“Today, human capital is the most valuable capital in every company, no matter what industry it is in. That’s why our annual Best Companies to Work For list, now 19 years running, has become our most popular franchise. Companies fight to get on this list each year because they know it will help them attract the very best talent. Potential employees refer to the list year-round to line up their dream jobs. It drives change: The best workplaces get a little better each year in a race to the top.”
6. The Steps toward High and Intentional Achievement
These took several weeks and were adapted from the great book by Troy Bassham titled Attainment. High achievement is a process. I have never read a better book on this process.
7. The 95 and 5
This principal was developed due to pushback from many of the physicians with whom I work. Their point was that all this talk about good leadership is always hostage to the emergent nature of their work which many times does not allow for the warm and fuzzy talk that good leadership is sometimes included with. My point is that for 95% of the time, you are usually not in that crunch mode. This is where the relationships and reputations are built so that when crunch times hit, there is the buffer that allows for direct communication. It all rises and falls on relationships.
8. In Praise of Front-line staff – I was taught by a superb neurosurgeon with whom I was working. We were talking about the importance of all the staff on a team. He simply said “without them, our practice is hosed”. He went on to say “Without personal relationships with patients, there is an empty office”…and I would add, using the same line of thinking, “without strong relationships with staff, there is an empty office”.
9. Making it Happen – In one of my favorite posts of the year, I related an amazing interview with a NCCU charge nurse who gave me the following criteria for an elite critical care team:
1. The nurses are a vital part of the team
2. Everything is a conversation
3. There is strong leadership
4. There is more positive than negative
5. The nurses are incredible.
10. Summer reading. You reviewed three books over the summer
1. Mental Discipline – The Mind of a Champion – How developing mental discipline and intentional living habits make the difference between ordinary and extra-ordinary Read Post Part 1 Read Post Part 2
2. The No Complaining Rule – Eliminating the attitudes of negativity and gossip at the worksite Read Post
3. Your Brain at Work – Consider the following four questions Read Post
a. Your brain does not do well with distractions. Keep it focused and keep it simple.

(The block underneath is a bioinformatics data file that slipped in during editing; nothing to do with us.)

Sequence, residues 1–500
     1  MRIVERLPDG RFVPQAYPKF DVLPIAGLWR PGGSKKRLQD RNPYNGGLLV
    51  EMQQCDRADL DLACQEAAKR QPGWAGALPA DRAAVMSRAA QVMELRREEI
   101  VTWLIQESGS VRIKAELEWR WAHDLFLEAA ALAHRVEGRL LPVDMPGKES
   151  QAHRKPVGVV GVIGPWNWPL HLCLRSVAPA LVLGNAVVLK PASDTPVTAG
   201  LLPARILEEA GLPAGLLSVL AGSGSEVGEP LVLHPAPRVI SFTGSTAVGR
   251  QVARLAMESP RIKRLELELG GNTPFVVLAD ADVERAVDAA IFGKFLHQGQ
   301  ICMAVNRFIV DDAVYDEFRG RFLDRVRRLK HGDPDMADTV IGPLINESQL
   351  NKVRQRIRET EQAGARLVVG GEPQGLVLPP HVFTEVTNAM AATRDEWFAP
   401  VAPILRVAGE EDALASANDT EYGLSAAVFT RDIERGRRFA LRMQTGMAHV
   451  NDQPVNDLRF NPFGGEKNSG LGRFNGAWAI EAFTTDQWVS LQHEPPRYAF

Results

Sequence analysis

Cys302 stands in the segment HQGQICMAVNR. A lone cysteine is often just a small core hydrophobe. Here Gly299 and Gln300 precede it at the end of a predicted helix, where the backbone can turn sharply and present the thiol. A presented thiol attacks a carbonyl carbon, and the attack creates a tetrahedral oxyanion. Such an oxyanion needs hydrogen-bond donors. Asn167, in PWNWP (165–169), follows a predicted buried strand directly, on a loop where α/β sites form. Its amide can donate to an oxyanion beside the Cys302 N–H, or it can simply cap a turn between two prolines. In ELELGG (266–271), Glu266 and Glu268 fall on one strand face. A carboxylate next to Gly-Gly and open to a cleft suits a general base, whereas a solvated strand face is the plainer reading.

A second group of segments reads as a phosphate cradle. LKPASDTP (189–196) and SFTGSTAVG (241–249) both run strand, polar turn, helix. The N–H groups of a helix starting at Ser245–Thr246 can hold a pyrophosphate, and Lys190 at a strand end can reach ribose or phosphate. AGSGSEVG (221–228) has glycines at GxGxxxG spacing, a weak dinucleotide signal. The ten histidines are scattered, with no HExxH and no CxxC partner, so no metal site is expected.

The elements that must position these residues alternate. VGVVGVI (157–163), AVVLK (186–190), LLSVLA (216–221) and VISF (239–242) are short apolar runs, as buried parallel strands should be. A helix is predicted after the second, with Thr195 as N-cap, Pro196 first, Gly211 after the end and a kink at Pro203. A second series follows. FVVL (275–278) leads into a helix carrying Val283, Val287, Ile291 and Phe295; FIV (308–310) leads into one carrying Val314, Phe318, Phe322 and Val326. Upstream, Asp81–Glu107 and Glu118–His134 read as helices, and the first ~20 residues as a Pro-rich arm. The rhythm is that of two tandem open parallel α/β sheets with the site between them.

b. Prepare to handle difficult situations before they occur.
c. Establish a network that provides an environment where your brain can thrive.
d. Practice the art of influence.
e. Practice being in the moment. Much harder than it seems.
11. Finishing strong
1. The importance of helping your employees be fully engaged, using the criteria of the Gallup Q12, which can be found on of Q12.Gallup.Com. Powerful points.
12. The Rule of Five -Five actions, that you determine you must do, every day, in order to be successful. When applied under the law of cumulative effect, there is almost nothing that is insurmountable.
13. Are You Thinking Differently? Have you considered the four part equation of Thinking leads to Emotion which leads to Behavior which causes results. Have you considered that unless you strongly effect the thinking part of the equation, almost nothing is sustainable. We also discussed the importance of ‘The beginners mind’ as described in Buddhist philosophy, which is as follows:
When the pressure is high, change has to be intentional, or the brain won’t allow it. What does mindfulness teach regarding thinking when the pressure is high? One approach, that resonated very strongly with me, was the concept of ‘the beginners mind’.
This is comprised of three parts:
3. Readiness to learning
It is backed up by two other phrases:
1. In the beginner’s mind there are many possibilities, in the expert’s mind there are few.
2. If you have found the answer, ask a bigger question.
14. And to end the year, an article titled ‘Picking up Lint’ which was a perfect example of the level of drive and attention to detail necessary to drive transformative, elite change, which was how we began the year.
My great appreciation to all of you. I have worked with you all, personally. I know the type of people that you are, and it is one of the primary reasons that I enjoy my work as much as I do.
Take time to reflect on these points. Go back into the website (coachinggroupinc.com/blog) and review the specific posts as necessary. Observe, orient, decide and plan to act.
Talk to you in 2017.